4 The facilities of the internet used to support e-commerce and e-business systems
A newsgroup is a collection of internet users who are interested in a particular topic. The topic may be a technical one, for example the LINUX operating system, or a recreational one such as fly fishing. Members of a newsgroup send messages associated with a particular issue such as the date of release of the next version of LINUX or the efficacy of using certain fiies on certain rivers. Each message – known as a posting – will contain the user's thoughts on the topic. Once posted these thoughts are responded to by other users. For example, one user may say that they have got solid information that the next version of LINUX will be released next week. The collection of responses to a posting and the original posting is known as a thread.
Newsgroups can be moderated or unmoderated. If a newsgroup is moderated a member will examine each posting and determine whether it should be posted. There are a number of reasons why postings are rejected: one major reason is that it is not relevant to the area that a newsgroup covers; another reason is that the posting is abusive to another user. There are no restrictions on posting to unmoderated newsgroups.
Newsgroups are accessed by using a special purpose software utility known as a newsreader; although there is an excellent search site known as Deja.com which allows access to newsgroups. Figure 3 shows a particular posting displayed by Deja.com.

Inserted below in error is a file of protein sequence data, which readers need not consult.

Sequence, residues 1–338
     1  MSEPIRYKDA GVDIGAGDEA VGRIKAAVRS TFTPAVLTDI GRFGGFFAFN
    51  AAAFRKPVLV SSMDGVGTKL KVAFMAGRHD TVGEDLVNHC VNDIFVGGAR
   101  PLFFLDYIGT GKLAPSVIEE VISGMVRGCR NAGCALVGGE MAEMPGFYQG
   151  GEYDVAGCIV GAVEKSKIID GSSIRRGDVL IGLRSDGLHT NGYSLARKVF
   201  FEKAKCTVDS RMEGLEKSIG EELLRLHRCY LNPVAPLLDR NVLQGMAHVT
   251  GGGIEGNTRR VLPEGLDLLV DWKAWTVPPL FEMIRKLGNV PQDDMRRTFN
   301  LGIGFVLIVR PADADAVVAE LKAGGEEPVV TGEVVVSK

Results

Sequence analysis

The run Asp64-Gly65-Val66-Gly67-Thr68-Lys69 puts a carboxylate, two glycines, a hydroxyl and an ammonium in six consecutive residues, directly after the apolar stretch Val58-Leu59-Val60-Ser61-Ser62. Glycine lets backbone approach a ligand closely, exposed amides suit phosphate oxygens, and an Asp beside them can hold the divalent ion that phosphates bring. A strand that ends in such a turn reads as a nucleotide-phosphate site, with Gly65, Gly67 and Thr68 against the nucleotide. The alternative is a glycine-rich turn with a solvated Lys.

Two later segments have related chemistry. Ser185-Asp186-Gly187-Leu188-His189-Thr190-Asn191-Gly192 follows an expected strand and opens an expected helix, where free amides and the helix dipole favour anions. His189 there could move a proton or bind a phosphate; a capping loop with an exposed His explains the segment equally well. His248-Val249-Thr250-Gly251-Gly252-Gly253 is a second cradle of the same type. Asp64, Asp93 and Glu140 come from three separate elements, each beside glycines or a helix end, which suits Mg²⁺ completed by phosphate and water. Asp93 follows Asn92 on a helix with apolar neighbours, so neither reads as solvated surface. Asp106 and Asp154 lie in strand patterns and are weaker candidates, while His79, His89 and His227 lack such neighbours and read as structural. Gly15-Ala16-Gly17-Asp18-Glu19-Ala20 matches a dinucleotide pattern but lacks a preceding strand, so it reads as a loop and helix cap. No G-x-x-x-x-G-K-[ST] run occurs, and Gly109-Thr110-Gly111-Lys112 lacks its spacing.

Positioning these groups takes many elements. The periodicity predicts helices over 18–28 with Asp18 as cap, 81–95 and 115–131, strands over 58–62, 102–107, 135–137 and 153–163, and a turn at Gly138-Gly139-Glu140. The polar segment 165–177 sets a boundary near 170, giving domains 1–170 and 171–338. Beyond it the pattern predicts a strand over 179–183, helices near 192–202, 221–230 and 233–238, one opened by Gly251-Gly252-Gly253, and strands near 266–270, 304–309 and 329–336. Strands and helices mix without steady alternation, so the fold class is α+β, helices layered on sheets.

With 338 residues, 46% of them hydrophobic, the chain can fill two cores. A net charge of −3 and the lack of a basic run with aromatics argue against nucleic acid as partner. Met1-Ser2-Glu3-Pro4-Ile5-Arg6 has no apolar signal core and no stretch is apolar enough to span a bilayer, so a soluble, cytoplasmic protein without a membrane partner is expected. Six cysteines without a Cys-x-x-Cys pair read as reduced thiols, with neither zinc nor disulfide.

The September that never ended
In the early days of the internet newsgroups suffered a major drop in the quality of contributions every September. This was due to the fact that many students who commenced university at that time, were given their first internet accounts and started using newsgroups. After a comparatively short time, the standard of discussion rose as the students realised what was a valid and what was an invalid posting to a newsgroup. However, one September, according to internet veterans, the standard of contributions fell even further and never really regained its previous standard. This was the September when the large American internet provider America Online allowed its members access to newsgroups. This September was known as the September that never ended.
Many newsgroups form part of the collection known as Usenet. This consists of a large number (30 000+) of newsgroups which are organised hierarchically and rooted in a number of categories such as which designates newsgroups that deal with recreational topics and which deals with computing topics. The newsgroup designated as , shown in Figure 3, is an example of a technical newsgroup which forms part of the hierarchy.
Newsgroups are normally employed by ordinary users of the internet and have not really been associated with e-commerce. However, a number of companies are beginning to wake up to their potential. For example, a number of software companies assign staff to read the postings in newsgroups which are devoted to one of their products in order to field any questions which might arise about them: it provides a good impression to future and present customers if a company will provide help about a product without, for example, users having to ring a high-tariff phone line.
Other companies are also beginning to embed newsgroup technology into their web pages in order to create customer feedback groups which enable them to decide on future upgrades and new products.